Writing apprehension is a distinct type of anxiety experienced during the English writing process that must be addressed by EFL teachers [21,22]. Writing anxiety refers to an inner propensity for anxiousness that interferes with a person’s ability to complete required writing tasks that they are cognitively capable of completing [43]. The authors of [21] used the term “writing anxiety” to characterize an inherent fear of the writing process that interferes with an individual’s ability to work on a writing task and reduces the expected gain of writing. Writing anxiety has physiological and cognitive effects on writing processes and behaviors [3,23]. The authors of [22] identified cognitive anxiety, somatic anxiety, and avoidance behavior as the three components of writing anxiety. Cognitive anxiety refers to the fear of being negatively evaluated, somatic anxiety can be defined as the physiological manifestation of anxiety, and avoidance behavior generally manifests in students as the avoidance of writing tasks.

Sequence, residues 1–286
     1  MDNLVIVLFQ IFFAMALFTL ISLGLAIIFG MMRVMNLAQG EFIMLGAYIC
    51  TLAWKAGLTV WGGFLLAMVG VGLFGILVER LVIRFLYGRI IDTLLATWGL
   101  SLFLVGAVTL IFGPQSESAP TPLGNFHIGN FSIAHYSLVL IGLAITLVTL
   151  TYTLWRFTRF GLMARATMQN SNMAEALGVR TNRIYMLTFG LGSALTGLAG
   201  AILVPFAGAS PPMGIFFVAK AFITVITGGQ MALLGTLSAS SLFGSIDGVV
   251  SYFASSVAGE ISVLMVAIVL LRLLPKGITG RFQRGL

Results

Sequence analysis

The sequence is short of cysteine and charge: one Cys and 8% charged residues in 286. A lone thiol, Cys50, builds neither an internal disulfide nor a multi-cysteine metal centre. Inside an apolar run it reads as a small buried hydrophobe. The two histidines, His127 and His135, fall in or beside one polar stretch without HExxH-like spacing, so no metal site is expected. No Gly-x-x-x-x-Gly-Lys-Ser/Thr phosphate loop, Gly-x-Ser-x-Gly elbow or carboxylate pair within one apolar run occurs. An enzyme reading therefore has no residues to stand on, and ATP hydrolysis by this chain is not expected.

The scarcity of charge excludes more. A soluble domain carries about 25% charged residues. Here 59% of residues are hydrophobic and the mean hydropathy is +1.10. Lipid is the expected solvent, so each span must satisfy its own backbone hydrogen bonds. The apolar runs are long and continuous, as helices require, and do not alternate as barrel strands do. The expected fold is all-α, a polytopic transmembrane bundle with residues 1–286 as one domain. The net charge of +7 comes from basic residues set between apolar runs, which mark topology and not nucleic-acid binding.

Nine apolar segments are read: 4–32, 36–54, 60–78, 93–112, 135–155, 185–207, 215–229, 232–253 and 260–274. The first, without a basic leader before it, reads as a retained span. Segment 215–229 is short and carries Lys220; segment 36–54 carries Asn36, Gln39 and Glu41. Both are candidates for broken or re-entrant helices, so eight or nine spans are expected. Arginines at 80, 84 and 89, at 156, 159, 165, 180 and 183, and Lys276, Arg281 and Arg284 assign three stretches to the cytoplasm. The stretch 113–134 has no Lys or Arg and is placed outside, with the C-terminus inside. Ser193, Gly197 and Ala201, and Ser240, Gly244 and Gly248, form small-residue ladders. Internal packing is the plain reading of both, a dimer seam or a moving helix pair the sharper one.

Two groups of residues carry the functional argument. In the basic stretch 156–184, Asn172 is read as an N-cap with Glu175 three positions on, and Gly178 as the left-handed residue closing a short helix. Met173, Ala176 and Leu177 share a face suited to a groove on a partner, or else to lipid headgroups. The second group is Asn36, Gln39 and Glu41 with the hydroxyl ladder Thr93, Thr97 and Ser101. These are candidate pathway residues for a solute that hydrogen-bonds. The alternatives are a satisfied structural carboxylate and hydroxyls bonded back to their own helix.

Empirical studies of English writing anxiety have revealed the following causes of writing anxiety: (1) Negative feedback from teachers and peers; (2) Inadequate writing skills that prevent the articulation of thoughts in writing; (3) Deficiencies in technical instruction for students’ writing; and (4) Time constraints for drafting and revising texts [3,44,45].